Monday, 7 August 2017

Neath Guardian, a symbol of our times

In an article for the i newspaper last month, Simon Kelner revealed that it was the printed Neath Guardian which gave him the start on a distinguished journalistic career. Kelner was the editor of the Independent between 1998 and 2011 which included, in my opinion, the peak years of the newspaper. He writes:

I started my career on a local paper in the South Wales town of Neath, a vibrant, industrious community. The Neath Guardian was a respected chronicler of the town’s activities, and was a brilliant training ground for young journalists. But, over the years, as advertising revenues declined, costs were cut, quality suffered, and inevitably circulation dwindled. The paper became a freesheet and then, in 2009, ceased publication.

The title had a brief revival online, courtesy of the people behind the Neath Ferret (see side-bar) and unconnected with the Western Mail who own the print title, but the site has not been updated for the last three years.

Kelner's article was triggered by the retirement of Sir Ray Tindle ("something of a hero to most journalists"), chairman of Tindle Newspapers Limited.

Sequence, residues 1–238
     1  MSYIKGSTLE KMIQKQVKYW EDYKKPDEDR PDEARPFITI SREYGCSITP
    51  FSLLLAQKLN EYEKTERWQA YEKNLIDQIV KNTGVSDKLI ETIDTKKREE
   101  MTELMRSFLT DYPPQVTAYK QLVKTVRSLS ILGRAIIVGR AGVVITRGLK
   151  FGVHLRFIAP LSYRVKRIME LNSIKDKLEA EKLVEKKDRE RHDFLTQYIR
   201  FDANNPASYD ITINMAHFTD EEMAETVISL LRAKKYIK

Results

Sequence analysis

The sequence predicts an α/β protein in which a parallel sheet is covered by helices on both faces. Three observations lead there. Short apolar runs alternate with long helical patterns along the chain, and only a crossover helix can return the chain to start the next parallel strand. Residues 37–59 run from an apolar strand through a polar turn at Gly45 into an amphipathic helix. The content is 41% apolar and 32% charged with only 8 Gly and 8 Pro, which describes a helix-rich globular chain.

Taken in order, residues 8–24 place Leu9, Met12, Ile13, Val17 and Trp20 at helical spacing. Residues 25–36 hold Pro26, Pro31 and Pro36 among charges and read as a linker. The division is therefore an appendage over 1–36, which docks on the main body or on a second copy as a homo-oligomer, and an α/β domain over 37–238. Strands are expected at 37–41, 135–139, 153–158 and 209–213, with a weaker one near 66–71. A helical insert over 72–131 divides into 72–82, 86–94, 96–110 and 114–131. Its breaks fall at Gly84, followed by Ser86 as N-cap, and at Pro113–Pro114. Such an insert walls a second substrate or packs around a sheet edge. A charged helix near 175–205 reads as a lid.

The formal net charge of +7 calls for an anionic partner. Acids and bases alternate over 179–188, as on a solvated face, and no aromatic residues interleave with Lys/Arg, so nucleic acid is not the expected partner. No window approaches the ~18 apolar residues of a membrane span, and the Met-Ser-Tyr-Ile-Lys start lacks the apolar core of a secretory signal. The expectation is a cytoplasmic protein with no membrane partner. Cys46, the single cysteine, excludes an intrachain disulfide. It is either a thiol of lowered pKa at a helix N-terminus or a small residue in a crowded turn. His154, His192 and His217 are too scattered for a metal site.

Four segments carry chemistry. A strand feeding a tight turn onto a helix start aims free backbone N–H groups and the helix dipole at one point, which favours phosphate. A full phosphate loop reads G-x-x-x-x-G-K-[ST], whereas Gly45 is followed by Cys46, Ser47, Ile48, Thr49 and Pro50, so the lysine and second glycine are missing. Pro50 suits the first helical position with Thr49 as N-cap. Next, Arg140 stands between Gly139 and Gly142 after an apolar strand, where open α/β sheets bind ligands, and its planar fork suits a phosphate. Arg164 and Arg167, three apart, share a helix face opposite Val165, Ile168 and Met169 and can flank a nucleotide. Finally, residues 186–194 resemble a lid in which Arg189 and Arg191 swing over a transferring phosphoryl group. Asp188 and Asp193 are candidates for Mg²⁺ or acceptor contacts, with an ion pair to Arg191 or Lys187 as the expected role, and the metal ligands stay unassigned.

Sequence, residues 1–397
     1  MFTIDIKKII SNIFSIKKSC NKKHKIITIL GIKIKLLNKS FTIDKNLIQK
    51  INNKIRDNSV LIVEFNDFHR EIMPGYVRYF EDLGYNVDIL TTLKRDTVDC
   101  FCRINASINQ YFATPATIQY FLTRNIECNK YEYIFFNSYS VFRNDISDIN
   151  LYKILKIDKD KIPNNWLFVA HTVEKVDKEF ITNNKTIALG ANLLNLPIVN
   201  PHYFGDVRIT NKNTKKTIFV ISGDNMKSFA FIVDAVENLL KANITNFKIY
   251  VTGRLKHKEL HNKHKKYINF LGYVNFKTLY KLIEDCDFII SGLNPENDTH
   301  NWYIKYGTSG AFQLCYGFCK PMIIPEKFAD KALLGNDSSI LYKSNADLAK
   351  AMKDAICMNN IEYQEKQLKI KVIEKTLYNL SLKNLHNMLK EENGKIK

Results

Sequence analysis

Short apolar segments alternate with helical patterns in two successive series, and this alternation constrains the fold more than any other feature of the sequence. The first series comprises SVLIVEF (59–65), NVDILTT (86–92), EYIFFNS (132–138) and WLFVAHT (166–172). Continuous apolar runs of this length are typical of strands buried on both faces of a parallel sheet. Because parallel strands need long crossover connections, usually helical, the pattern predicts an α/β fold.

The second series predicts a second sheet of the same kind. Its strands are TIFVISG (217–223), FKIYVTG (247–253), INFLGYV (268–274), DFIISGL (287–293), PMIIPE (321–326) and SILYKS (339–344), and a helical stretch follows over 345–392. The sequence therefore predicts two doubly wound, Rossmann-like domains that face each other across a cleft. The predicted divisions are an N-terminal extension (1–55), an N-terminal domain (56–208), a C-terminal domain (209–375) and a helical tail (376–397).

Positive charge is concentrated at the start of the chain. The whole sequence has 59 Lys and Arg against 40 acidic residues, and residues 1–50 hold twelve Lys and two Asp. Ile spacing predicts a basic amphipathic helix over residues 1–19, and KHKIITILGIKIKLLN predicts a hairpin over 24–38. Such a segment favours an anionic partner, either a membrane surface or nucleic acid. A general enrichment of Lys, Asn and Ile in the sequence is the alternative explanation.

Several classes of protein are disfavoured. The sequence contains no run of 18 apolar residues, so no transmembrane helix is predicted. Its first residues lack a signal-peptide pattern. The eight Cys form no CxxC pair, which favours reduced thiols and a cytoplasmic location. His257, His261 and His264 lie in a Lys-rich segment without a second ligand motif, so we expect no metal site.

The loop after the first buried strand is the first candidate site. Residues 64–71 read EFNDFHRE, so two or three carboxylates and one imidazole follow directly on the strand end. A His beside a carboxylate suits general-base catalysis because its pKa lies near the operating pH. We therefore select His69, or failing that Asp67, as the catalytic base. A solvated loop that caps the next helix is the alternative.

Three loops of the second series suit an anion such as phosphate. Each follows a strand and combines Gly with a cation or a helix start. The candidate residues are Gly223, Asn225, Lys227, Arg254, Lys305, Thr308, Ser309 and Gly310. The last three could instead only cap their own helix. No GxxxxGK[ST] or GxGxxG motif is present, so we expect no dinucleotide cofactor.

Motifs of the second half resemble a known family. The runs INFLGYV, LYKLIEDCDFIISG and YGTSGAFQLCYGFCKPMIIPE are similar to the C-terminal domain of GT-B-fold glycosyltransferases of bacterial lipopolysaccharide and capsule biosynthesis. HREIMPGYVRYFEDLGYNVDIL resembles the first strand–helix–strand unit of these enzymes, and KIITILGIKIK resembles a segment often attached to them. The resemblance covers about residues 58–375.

In his empire are Journals, Beacons, Tribunes, Echos*, and the like, and they are all united by a common purpose: to serve their respective communities. “I see a greater need for our local press than I have ever seen in my 80 years or so connected with this business,” Sir Ray said in his valedictory statement. “Local news in depth is what people need.” [...] Unfortunately, there are very few people like Ray Tindle around, who, in this era of fake news, are prepared to support these increasingly essential instruments of local democracy.

* including the Glamorgan Gem group which includes the Bridgend and Porthcawl Gem.

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